More than anything else, Hank Goldberg will go down as a man that was decades ahead of his time in the sports betting and media industry. Goldberg was a national sports gambling analyst and commentator before it was cool. Before today’s numerous sports gambling selection shows, endless podcasts with “lock” predictions that often blow, and the steady stream of over-the-top screamers on social media, Hank Goldberg was the one true professional sports handicapper in the media. This week, Goldberg passed away on his 82nd birthday due to complications from chronic kidney disease.
Goldberg was a man of substance, which set him apart from the noise. Nicknamed “Hammering Hank,” Goldberg finished .500 or better on his NFL picks in 15 of 17 seasons as an ESPN handicapper. Of course, serious gamblers respect that because of the difficulty of the challenge. With precise spreads from Wise Guy oddsmakers, a win percentage above .500 in consecutive seasons is impressive enough. But Goldberg stood apart for accuracy over the decades. Also, he faced the added pressure of delivering the picks in front of the entire nation.
Goldberg joined ESPN2 in 1994 while the channel was only on the air for one year. Subsequently, he became a regular on , where he made his weekly picks. In relation to those duties, Goldberg forged close relationships with many of Las Vegas’ most prominent bookmakers.
Following the Supreme Court’s PASAP ruling, Goldberg made several appearances on the ESPN sports betting program, . Additionally, he also worked for CBS Sports in his later years.
After relocating to Miami in 1966, Goldberg broke into pro football with a position in the Dolphins’ public relations office. As he was doing that, Goldberg was drafted by https://sportshandle.com/jimmy-the-greek-snyder-betting-tv/Jimmy The Greek Snyder to ghostwrite the handicapper’s nationally syndicated column. The late Snyder is forever remembered as the handicapping contributor to CBS Sports’ pregame show, . But in those days, Snyder had to be more undercover about his role and talk around the actual pointspreads.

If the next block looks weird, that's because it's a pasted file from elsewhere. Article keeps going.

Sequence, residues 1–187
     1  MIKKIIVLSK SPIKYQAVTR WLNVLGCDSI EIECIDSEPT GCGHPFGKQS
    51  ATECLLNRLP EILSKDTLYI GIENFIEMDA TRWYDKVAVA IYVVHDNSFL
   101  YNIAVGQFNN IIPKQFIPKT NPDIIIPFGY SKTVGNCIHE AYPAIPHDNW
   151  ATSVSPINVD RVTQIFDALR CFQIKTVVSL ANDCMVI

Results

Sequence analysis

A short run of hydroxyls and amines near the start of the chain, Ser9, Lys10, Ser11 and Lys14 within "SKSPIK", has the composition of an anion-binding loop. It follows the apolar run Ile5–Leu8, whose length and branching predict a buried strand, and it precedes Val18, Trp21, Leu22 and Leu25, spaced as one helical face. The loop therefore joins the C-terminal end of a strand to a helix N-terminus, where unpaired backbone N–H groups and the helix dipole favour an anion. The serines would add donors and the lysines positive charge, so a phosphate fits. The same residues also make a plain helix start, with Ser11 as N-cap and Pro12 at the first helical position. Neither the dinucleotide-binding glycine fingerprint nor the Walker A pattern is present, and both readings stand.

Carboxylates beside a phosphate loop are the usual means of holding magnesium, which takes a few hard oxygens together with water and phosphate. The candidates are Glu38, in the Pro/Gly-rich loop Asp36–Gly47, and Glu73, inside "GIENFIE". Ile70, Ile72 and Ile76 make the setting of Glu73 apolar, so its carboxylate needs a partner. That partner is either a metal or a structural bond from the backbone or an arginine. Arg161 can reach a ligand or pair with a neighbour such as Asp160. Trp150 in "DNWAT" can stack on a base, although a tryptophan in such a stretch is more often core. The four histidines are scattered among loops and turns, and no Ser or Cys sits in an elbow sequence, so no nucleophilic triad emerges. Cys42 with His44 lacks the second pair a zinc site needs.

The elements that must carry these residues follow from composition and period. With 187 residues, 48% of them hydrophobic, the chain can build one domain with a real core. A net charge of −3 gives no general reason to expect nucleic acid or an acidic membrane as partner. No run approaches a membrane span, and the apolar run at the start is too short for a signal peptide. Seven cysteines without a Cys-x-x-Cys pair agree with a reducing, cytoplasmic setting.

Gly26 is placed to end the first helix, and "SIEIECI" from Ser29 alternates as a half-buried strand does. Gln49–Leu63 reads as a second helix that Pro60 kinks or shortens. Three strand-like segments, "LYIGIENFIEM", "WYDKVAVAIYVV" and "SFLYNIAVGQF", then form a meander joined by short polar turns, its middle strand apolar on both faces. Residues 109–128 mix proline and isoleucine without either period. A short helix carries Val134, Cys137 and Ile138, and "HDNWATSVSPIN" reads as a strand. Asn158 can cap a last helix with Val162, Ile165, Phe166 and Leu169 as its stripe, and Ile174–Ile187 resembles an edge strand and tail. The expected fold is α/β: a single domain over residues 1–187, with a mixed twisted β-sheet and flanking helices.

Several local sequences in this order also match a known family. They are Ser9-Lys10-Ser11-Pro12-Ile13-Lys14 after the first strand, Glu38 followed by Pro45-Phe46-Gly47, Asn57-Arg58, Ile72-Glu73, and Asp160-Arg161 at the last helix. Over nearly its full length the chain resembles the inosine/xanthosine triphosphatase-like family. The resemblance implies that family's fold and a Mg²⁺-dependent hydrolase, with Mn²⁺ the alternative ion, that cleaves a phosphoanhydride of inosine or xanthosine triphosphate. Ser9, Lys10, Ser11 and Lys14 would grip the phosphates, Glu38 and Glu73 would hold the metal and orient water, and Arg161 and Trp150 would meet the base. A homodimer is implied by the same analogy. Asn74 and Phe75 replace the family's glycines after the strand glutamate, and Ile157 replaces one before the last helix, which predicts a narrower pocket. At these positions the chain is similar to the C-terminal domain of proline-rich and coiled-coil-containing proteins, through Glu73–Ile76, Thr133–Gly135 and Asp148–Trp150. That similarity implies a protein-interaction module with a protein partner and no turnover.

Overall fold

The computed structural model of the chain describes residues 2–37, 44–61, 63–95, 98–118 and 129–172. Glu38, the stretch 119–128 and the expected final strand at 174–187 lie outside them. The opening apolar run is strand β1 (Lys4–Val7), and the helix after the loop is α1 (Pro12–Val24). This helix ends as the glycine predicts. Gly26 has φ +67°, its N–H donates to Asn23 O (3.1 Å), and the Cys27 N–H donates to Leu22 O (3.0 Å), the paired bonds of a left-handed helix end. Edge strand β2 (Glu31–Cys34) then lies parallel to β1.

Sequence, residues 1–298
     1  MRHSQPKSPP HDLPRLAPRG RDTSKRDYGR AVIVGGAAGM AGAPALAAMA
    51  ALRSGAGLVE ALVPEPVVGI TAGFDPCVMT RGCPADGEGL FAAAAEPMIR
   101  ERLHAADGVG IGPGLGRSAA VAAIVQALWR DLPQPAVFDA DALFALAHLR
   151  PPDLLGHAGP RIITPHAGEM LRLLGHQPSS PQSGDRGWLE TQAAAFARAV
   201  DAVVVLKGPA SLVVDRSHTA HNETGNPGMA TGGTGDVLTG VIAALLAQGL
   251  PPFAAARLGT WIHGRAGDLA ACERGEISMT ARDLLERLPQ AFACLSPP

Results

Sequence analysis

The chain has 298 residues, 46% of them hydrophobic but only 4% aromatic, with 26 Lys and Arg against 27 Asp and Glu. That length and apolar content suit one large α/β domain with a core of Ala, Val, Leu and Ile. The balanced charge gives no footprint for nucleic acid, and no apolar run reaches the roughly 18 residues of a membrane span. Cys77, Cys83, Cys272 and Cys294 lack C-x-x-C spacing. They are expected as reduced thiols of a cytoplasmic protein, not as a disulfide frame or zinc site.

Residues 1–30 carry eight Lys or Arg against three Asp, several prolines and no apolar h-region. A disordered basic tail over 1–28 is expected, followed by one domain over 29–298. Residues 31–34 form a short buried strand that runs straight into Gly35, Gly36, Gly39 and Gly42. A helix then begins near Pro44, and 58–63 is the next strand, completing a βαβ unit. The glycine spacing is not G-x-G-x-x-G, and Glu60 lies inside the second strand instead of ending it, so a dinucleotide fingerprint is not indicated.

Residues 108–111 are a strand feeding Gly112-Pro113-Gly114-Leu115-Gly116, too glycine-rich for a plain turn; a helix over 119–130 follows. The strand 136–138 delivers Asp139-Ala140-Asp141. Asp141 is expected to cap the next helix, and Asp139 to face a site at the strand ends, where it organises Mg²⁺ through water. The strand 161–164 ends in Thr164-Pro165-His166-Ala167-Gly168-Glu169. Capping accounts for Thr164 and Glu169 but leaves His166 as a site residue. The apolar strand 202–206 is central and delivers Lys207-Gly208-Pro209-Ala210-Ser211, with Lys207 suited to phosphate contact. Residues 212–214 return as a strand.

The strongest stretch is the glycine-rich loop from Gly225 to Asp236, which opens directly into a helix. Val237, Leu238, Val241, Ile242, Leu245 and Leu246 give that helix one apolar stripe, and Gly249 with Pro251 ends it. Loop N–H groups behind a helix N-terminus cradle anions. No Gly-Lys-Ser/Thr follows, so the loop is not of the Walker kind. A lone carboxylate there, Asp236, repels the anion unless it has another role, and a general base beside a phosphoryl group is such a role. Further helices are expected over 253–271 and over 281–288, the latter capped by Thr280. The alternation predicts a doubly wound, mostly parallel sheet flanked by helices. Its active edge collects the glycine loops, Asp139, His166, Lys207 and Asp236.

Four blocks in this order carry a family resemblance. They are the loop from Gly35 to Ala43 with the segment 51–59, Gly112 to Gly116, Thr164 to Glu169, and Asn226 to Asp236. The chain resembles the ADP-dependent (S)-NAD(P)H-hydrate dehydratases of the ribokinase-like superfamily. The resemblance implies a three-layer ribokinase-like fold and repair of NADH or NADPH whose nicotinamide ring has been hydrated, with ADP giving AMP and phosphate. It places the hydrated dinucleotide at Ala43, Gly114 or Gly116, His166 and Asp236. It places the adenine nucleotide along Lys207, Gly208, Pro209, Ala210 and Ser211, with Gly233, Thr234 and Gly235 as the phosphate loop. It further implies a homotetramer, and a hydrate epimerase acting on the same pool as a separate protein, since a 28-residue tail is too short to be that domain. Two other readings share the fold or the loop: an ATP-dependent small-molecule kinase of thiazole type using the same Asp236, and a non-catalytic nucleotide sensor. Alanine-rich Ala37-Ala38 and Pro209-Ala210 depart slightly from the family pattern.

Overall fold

Goldberg was a famed storyteller and loved to tell tales of legendary figures from the NFL. Goldberg revealed the late great Miami Dolphin coach Don Shula’s passion for horse racing. The two would get together for frequent lunches at Gulfstream Park. Adding to the fun and frivolity was that they were often joined by former Dolphins quarterback Bob Griese and several others with ties to Shula and the Dolphins. In his later years, Goldberg also became close friends with the late Dolphin legend Nick Buoniconti.
As his life wound down, Goldberg continued making horse racing picks. As recently as May, he made his final appearance on ESPN ahead of the Kentucky Derby. Last month, he published his final racing picks by making selections for the Belmont Stakes.
Today, sports gambling commentators are easy to find. But most of them are hard to respect. That was never the case with the legendary Hank Goldberg. RIP.